Targeting flavin-containing enzymes eliminates cancer stem cells (CSCs), by inhibiting mitochondrial respiration : vitamin B2 (Riboflavin) in cancer therapy

Ozsvari, B, Bonuccelli, G, Sanchez-Alvarez, R, Foster, R, Sotgia, F and Lisanti, MP 2017, 'Targeting flavin-containing enzymes eliminates cancer stem cells (CSCs), by inhibiting mitochondrial respiration : vitamin B2 (Riboflavin) in cancer therapy' , Aging, 9 (12) , pp. 2610-2628.

[img]
Preview
PDF - Published Version
Available under License Creative Commons Attribution.

Download (4MB) | Preview

Abstract

Here, we performed high-throughput drug-screening to identify new non-toxic mitochondrial inhibitors. This screening platform was specifically designed to detect compounds that selectively deplete cellular ATP levels, but have little or no toxic side effects on cell viability. Using this approach, we identified DPI (Diphenyleneiodonium chloride) as a new potential therapeutic agent. Mechanistically, DPI potently blocks mitochondrial respiration by inhibiting flavin-containing enzymes (FMN and FAD-dependent), which form part of Complex I and II. Interestingly, DPI induced a chemo-quiescence phenotype that potently inhibited the propagation of CSCs, with an IC-50 of 3.2 nano-molar. Virtually identical results were obtained using CSC markers, such as CD44 and CD24. We further validated the effects of DPI on cellular metabolism. At 10 nM, DPI inhibited oxidative mitochondrial metabolism (OXPHOS), reducing mitochondrial driven ATP production by >90%. This resulted in a purely glycolytic phenotype, with elevated L-lactate production. We show that this metabolic inflexibility could be rapidly-induced, after only 1 hour of DPI treatment. Remarkably, the mitochondrial inhibitory effects of DPI were reversible, and DPI did not induce ROS production. Cells maintained in DPI for 1 month showed little or no mitochondrial activity, but remained viable. Thus, it appears that DPI behaves as a new type of mitochondrial inhibitor, which maintains cells in a state of metabolic-quiescence or "suspended animation".In conclusion, DPI treatment can be used to acutely confer a mitochondrial-deficient phenotype, which we show effectively depletes CSCs from the heterogeneous cancer cell population. These findings have significant therapeutic implications for potently targeting CSCs, while minimizing toxic side effects. We also discuss the possible implications of DPI for the aging process. Interestingly, previous studies in C. elegans have shown that DPI prevents the accumulation of lipofuscin (an aging-associated hallmark), during the response to oxidative stress. Our current results are consistent with data showing that flavins (FAD, FMN and/or Riboflavin) are auto-fluorescent markers of i) increased mitochondrial "power" (OXPHOS) and ii) elevated CSC activity.Finally, we believe that DPI is one of the most potent and highly selective CSC inhibitors discovered to date. Therefore, our current findings suggest a new impetus to create novel analogues of i) DPI (Diphenyleneiodonium chloride) and ii) DPI-related compounds (Diphenyliodonium chloride), using medicinal chemistry, to optimize this very promising and potent anti-CSC activity. We propose to call these new molecules "Mitoflavoscins".For example, DPI is ~30 times more potent than Palbociclib (IC-50 = 100 nM), which is an FDA-approved CDK4/6 inhibitor, that broadly targets proliferation in any cell type, including CSCs.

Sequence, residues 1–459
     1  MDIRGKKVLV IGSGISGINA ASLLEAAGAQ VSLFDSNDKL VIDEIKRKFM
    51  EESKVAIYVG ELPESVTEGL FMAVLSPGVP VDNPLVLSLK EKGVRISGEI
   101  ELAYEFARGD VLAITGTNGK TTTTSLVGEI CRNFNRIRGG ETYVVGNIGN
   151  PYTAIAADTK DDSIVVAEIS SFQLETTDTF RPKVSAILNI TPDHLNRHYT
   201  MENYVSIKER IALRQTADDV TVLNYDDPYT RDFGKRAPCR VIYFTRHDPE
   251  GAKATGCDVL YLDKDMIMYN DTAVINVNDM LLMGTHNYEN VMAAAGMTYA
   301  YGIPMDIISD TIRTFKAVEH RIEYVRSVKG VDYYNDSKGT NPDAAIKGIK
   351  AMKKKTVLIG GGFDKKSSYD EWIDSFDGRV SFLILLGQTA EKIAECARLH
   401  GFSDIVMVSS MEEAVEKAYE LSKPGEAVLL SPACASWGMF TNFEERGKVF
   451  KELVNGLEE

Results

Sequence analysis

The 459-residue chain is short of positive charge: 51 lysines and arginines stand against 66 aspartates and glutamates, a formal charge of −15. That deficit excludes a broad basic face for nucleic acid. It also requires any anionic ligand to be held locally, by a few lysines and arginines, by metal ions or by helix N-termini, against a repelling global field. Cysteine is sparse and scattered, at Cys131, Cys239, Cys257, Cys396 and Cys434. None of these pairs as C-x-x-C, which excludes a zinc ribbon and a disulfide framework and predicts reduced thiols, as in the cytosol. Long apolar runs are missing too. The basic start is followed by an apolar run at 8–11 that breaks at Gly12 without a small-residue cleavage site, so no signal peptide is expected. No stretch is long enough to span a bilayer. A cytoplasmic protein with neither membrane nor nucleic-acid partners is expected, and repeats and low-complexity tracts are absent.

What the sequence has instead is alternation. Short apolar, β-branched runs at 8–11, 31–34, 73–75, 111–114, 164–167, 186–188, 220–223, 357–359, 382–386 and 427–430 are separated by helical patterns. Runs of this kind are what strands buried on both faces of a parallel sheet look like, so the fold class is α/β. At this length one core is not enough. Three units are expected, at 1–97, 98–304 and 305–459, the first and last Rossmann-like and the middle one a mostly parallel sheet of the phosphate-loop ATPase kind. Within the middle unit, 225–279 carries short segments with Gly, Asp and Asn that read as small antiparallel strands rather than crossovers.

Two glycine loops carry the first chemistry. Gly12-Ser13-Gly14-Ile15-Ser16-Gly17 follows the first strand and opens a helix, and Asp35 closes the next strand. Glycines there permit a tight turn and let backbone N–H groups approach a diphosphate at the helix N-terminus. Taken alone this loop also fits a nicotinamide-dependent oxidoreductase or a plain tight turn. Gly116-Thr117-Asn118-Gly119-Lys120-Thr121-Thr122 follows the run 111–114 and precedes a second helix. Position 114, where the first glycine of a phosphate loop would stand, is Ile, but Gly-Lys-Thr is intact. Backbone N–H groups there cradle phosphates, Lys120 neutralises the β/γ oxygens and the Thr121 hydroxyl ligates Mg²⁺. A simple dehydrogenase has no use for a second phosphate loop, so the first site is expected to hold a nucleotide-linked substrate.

Item Type: Article
Uncontrolled Keywords: DPI (Diphenyleneiodonium chloride), Mitoflavoscin, OXPHOS, Vitamin B2 (Riboflavin), cancer stem-like cells (CSCs), flavin enzymes, mitochondria
Schools: Schools > School of Environment and Life Sciences
Journal or Publication Title: Aging
Publisher: Impact Journals
ISSN: 1945-4589
Related URLs:
Funders: University of Manchester
SWORD Depositor: Publications Router
Depositing User: Publications Router
Date Deposited: 02 Jan 2018 15:43
Last Modified: 02 Jan 2018 16:00
URI: http://usir.salford.ac.uk/id/eprint/44865

Actions (login required)

Edit record (repository staff only) Edit record (repository staff only)

Downloads

Downloads per month over past year